Powertraveller is a British company developing and selling power devices for road warriors and people who want to charge their devices as eco-friendly as possible. Powertraveller’s Powermonkey Extreme is a combination of a battery and solar panel specifically aimed at charging 5V (USB or others) devices. I tested the Powermonkey Extreme with a Zoom H4n audio recorder and a bunch of GoPros to see if and how one Powermonkey Extreme can get you through a whole day of recording.
I received a black Powermonkey Extreme to set up my test environment. My goal was to see if the solar panel would be able to charge a GoPro HD Hero2 with the new WiFi BacPac for a whole day recording, and how long the battery would be able to run a Zoom H4n audio recorder driving two 48V phantom powered microphones.
First let me tell you the Powermonkey Extreme is rated for 5V devices, including USB stuff. It can charge iPads, iPods, iPhones and every other 5V device that draws up to 9000mAh. You can read about the Powermonkey Extreme‘s technical data, as well as what’s in the box, on their site. I will only say the whole system, from the travel case to the battery unit and the foldable solar panel, oozes quality of build and well-thought of features.
I was particularly interested to see how well the Powermonkey Extreme would fair with the Zoom H4n powering two 48V phantom-powered studio microphones without powering the Zoom H4n through the mains. The latter isn’t always possible, for example when you’re shooting outdoors. While you can use powered microphones or the built-in ones instead of phantom-powered ones, I’m sure nobody will argue that two Rode NTG-2 mics will sound better than two skimpy mini-jack AA-powered no-brand plastic thingies.
I first tested the Zoom H4n in normal (not stamina) mode with its two AA batteries. I was still surprised to find that, despite the two mics drawing considerable power, the batteries lasted for 40 minutes before giving up.
The next step was to try it with the Powermonkey Extreme battery plugged into the H4n’s power adapter interface. I started this test at 11:00am and finished it at 16:10. During that time, the H4n continuously recorded using the two phantom powered microphones. The Powermonkey Extreme still had not run out of juice. Quite on the contrary: only two of its seven charge icons were gone. Powertraveller’s claim that you can charge an iPhone up to six times, a Garmin Edge 800 up to six times and standard mobiles up to 12 times therefore is absolutely no exaggeration.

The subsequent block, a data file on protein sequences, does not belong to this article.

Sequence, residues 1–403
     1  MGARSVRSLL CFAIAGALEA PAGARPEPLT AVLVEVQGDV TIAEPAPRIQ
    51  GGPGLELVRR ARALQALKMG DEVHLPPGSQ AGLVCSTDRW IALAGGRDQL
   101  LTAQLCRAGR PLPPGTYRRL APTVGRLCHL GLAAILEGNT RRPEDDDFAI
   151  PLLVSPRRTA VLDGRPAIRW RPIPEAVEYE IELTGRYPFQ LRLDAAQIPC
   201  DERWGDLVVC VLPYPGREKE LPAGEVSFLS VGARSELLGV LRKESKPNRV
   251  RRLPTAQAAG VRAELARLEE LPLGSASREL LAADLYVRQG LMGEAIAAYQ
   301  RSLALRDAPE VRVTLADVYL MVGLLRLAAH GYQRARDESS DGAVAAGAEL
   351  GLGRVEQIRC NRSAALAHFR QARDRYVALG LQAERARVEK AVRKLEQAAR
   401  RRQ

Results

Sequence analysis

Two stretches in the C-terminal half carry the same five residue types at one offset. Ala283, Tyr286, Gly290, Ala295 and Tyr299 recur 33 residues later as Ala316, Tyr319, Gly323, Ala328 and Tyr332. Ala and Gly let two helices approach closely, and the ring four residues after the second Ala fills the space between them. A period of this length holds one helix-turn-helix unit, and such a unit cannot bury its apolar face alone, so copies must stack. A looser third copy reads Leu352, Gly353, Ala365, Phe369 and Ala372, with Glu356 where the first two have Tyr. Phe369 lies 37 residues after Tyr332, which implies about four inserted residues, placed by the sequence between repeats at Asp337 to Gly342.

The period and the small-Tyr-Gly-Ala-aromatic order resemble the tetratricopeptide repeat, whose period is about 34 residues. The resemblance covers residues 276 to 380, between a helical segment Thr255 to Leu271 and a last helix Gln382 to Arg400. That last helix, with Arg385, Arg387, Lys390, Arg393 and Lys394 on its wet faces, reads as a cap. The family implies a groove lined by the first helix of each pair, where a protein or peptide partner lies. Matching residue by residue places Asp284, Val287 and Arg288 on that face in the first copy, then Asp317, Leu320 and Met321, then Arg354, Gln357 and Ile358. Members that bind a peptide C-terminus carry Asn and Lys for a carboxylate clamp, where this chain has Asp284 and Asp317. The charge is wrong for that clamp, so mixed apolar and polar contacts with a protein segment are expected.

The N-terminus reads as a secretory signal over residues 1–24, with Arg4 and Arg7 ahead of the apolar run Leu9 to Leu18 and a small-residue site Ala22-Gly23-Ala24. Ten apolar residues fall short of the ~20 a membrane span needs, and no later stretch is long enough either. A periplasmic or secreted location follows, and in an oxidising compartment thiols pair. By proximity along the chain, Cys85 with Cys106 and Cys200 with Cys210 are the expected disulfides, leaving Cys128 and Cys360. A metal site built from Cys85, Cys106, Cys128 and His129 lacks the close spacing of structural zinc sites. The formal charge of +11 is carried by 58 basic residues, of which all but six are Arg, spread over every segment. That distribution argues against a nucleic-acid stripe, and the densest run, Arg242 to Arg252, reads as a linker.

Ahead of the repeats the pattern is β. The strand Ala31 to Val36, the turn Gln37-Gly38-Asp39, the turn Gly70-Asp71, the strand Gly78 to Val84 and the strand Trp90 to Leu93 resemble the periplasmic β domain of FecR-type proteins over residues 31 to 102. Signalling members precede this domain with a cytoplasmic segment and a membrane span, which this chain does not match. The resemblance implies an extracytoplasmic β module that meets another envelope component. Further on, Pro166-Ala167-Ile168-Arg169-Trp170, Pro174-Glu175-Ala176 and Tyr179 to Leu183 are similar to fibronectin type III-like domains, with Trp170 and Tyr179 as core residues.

I also wanted to see how long it would take to recharge the battery unit again to full capacity. That took about three hours using the mains as there was no sun to try this with the solar panel.
I tested the solar panel in a different way. On a cloudy day but with regular periods of sun, I positioned the solar panel behind a double-glazed window to see if it would charge a GoPro WiFi BacPac at all. It did. It did take much longer than with a USB connection to a powered USB hub to fully charge the WiFi BacPac, but frankly I didn’t expect any charging at all, given the weather.
With patience also came a day of bright sunlight, that I once again had the solar panel sitting behind a window (single glass sheet this time). I let it charge the GoPro HD Hero2 and that worked out brilliantly with the GoPro not taking more time to get its full charge than otherwise.
It’s clear the Powermonkey Extreme was up to the job. Even the solar panel, of which Powertraveller’s support pages say you can’t expect them to perform as evenly and as powerfully as main power unless in bright sunlight and not behind glass — which makes sense — performed much better than I was justified to expect.
In short: if you need a battery and clean energy solution for anything from charging phones to powering devices that draw more power than their internal batteries can deliver, the Powermonkey Extreme is a great performing system. It’s also waterproof, so if I would have taken it along with the H4n on a sound hunting trip in the woods, I wouldn’t have had to worry about moist spoiling the adventure.
A Powermonkey Extreme will set you back €141.60. Considering the test results, that is dirt cheap.